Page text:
Tech & Gadgets

What’s Happening With 5G?

Despite publicly available 5G networks celebrating their two-year anniversary, one may wonder when 5G will come with a faster service. A 5G device like the iPhone 12 may be readily available as wireless carriers flaunt their new networks. But for the majority of us, the present-day doesn’t feel a lot different than the time when LTE was the best bet in cellular networks.

The truth is, 5G may already be intact where you reside, but you may not have noticed it. Firstly, you require a 5G-ready smartphone to catch the signal. And although 5G vouched for improved speeds over LTE, we’re not witnessing extremely fast speeds from the networks launched by all the three major wireless carriers across the nation yet.

5G: An Explanation

Following the former iteration of wireless networking, 5G stands for the fifth generation of wireless communication standards. With the emergence of 3G about 20 years ago, surfing the internet on a smartphone became possible. Later, 4G offered speeds that enabled video streaming along with a range of apps that require reliable, sustained connectivity.

The 3rd Generation Partnership Project, a group that develops the rules for wireless connectivity, created the non-stand-alone standard for 5G in 2017. This permits 5G to coexist alongside 4G. A year later, the standard for stand-alone 5G was decided. In the two years since infrastructure developers like Ericsson and Nokia have collaborated with the four big wireless carriers in the United States to develop 5G networks and assess them with devices that have 5G radios that adhere to the new standard.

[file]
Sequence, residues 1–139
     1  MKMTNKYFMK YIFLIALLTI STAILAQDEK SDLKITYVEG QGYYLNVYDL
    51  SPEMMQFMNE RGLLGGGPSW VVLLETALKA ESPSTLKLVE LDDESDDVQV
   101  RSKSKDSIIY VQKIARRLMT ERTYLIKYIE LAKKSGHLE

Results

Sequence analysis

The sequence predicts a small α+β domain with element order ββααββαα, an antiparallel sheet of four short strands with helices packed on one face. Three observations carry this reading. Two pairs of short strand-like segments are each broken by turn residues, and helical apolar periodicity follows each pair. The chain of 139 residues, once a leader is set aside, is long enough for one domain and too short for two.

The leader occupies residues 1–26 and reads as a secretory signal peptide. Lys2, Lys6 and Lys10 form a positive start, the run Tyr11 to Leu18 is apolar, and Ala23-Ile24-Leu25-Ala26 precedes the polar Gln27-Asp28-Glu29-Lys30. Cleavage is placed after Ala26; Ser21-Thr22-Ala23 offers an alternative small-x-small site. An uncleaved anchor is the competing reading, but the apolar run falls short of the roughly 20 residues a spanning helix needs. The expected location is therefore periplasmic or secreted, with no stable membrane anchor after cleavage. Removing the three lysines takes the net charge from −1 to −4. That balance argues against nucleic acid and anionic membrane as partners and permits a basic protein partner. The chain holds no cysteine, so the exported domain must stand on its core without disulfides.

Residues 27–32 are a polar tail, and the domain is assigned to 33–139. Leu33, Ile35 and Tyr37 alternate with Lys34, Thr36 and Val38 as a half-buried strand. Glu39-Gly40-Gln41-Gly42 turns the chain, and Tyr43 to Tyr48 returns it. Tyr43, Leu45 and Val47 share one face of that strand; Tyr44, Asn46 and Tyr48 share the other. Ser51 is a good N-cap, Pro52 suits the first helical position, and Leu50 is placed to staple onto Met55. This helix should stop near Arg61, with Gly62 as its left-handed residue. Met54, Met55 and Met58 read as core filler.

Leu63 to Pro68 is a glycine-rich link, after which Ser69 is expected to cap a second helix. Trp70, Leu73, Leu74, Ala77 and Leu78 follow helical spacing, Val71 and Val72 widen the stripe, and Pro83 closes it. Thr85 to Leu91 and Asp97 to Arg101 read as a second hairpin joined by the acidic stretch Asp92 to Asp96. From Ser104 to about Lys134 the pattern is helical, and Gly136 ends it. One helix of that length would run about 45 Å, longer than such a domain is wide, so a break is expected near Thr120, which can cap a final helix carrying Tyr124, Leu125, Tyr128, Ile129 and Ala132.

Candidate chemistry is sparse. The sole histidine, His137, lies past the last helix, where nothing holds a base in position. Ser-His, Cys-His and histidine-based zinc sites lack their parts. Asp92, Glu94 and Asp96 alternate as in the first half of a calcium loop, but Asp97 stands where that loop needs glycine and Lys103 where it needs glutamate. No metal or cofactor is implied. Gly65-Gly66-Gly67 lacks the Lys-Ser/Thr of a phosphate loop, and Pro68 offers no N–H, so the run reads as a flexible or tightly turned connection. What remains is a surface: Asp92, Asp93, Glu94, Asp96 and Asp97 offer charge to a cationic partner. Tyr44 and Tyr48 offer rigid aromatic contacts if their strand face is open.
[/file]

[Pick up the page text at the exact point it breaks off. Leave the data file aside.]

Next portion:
5G Technologies Are Impacting the Arrival of 5G

The 5G standard’s backbone consists of the low-, mid-, and high-band spectrum. 5G networks function on several frequencies, with the low end of the spectrum being sub-6 GHz and the highest being millimeter-wave (20-60 GHz).

The sub-6 spectrum for existing LTE networks was already being utilized by carriers, and now they require more of it to develop 5G further. Millimeter-wave frequency wasn’t used earlier, and the onset of 5G has offered carriers access to the spectrum that will allow the faster speeds we anticipate with the new standard.

When is 5G Coming to Your Location?

Your location may already have 5G, but unless the wireless carrier you subscribe to, the stars of your location, and the mobile device you own are totally aligned, you possibly can’t use it yet.

AT&T, Verizon, and T-Mobile each provide 5G coverage, but there are restrictions to their 5G.